We have already started working on port-led development, port-led connectivity which has, if realized, the potential to make money to the tune of Rs 1 lakh crore. Some of them are covered either by Sagarmala project or by the ports. The sector is moving very fast. JNPT is the first major port to raise Foreign Denominated Loan of US $400 mn. Kamarajar Port Limited [Ennore] (KPL) is also in the process of raising USD $100 million foreign currency loan.

This mode of financing at low interest rates and natural hedging has been followed in the Major ports for their infrastructure development for the first time. We are now planning to develop inland waterways. We have already passed the bill for making 111 river waterways. Our objective this year is to complete 10 waterways. We will complete that.

Q. Our magazine extensively covered Sagarmala project in February issue. It is being touted as a sort of panacea to the static inertia holding the movement of cargo across the ports. How close will the Sagarmala project take the country to the port-led prosperity?

A. We got a study completed by an international consultant. We expect an investment to the tune of Rs 12 lakh crores in the port-led development with the industrial clusters. It will be a coastal economic zone, abound with petroleum sector, automobile sector, chemicals etc spurring export and hence creating employment opportunities. I reckon that the Sagarmala project will catalyse the port sector. We are already moving at 22 kms road a day in road sector. Our target is to create and give employment to 5 crore youths of the country.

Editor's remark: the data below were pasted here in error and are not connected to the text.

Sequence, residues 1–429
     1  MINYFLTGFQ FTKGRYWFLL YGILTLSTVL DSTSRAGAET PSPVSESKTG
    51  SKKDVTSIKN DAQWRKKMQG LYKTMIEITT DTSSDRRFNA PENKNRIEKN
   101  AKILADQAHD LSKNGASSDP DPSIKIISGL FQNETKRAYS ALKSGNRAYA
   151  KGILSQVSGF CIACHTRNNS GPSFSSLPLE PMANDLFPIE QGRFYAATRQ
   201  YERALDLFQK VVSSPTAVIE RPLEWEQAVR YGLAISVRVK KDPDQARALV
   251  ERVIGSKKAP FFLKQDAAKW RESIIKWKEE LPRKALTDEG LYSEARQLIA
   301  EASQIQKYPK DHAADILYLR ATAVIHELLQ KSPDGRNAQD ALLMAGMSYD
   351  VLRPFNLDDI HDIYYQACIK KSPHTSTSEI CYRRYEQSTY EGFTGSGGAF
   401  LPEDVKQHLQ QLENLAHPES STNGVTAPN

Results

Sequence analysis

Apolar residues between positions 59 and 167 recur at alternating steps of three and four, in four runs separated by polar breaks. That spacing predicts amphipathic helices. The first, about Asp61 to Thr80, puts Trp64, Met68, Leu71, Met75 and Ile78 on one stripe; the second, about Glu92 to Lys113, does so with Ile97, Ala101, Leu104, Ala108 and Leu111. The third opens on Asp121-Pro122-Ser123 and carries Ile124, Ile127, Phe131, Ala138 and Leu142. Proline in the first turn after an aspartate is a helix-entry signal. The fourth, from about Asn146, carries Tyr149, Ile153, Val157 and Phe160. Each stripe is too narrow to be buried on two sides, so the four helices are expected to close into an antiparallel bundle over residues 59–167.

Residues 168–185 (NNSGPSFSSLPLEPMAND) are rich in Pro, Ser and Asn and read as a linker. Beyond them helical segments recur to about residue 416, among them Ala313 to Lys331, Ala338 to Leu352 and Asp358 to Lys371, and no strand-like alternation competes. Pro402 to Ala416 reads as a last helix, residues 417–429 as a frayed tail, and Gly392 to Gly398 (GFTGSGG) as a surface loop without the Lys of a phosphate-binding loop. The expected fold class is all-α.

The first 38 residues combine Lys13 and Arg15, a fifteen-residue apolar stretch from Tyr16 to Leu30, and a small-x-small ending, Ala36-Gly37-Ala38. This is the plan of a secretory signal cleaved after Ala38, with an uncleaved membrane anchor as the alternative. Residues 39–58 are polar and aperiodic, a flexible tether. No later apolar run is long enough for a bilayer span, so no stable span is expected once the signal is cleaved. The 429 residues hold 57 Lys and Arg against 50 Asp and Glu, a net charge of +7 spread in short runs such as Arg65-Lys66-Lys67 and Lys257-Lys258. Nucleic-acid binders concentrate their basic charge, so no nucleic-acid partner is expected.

So the sector is moving. The port sector and road sector alone will contribute 3 % of growth rate to our GDP.  The maiden Maritime India Summit, 2016 was held on 14–16 April 2016 at Mumbai.  141 Business Agreements amounting Rs. 83000 crores (approx.) were signed during the Summit. While 24 MOUs/Business Agreements have been completed during 2016-17 amounting Rs. 10411crores (approx.), 100 MOUs/Business Agreements with an investment worth Rs. 75,714.13 crores are under implementation.

Q. Iran ambassador to India Gholam Reza Ansari said last month, “in coming months we will be inaugurating first phase of Chabahar port” and wanted India to increase its cooperation in the project. He is concerned that India is not fast enough. How do you look at it?

A. Actually, we are moving very fast and in a transparent manner in Chabahar Port Development. Purchase of Equipment for Chabahar Port Development is under process.  MEA released Rs. 100 crs  to IPGL.  RFQ uploaded for selection of SPV partner at Chabahar.

Q. Kindly tell us about the Port rail connectivity projects and how they are being funded?

A. A new Special Purpose Vehicle, namely Indian Port Rail Corpo-ration Limited has been set up as a public limited company to undertake last mile connectivity projects in Major Ports so as to improve their handling capacity and efficiency.